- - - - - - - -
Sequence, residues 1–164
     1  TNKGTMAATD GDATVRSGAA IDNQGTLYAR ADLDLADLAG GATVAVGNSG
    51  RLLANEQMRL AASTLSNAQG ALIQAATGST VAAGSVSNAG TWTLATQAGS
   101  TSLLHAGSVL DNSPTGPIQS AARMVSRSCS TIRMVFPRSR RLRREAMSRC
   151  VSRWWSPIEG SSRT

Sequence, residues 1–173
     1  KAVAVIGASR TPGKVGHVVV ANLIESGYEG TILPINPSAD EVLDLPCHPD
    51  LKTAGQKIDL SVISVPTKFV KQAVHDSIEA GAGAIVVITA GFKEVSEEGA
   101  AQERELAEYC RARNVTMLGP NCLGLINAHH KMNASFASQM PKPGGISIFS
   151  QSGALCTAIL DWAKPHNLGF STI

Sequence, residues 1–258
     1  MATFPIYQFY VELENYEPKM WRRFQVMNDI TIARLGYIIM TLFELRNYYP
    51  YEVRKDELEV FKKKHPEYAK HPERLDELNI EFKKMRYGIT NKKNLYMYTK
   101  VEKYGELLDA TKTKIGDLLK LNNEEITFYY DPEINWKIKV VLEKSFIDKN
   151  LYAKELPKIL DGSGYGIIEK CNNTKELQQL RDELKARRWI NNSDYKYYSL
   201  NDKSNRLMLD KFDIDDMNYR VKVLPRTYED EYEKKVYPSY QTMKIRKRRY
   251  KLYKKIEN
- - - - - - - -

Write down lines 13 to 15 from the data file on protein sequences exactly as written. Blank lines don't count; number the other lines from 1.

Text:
    51  YEVRKDELEV FKKKHPEYAK HPERLDELNI EFKKMRYGIT NKKNLYMYTK
   101  VEKYGELLDA TKTKIGDLLK LNNEEITFYY DPEINWKIKV VLEKSFIDKN
   151  LYAKELPKIL DGSGYGIIEK CNNTKELQQL RDELKARRWI NNSDYKYYSL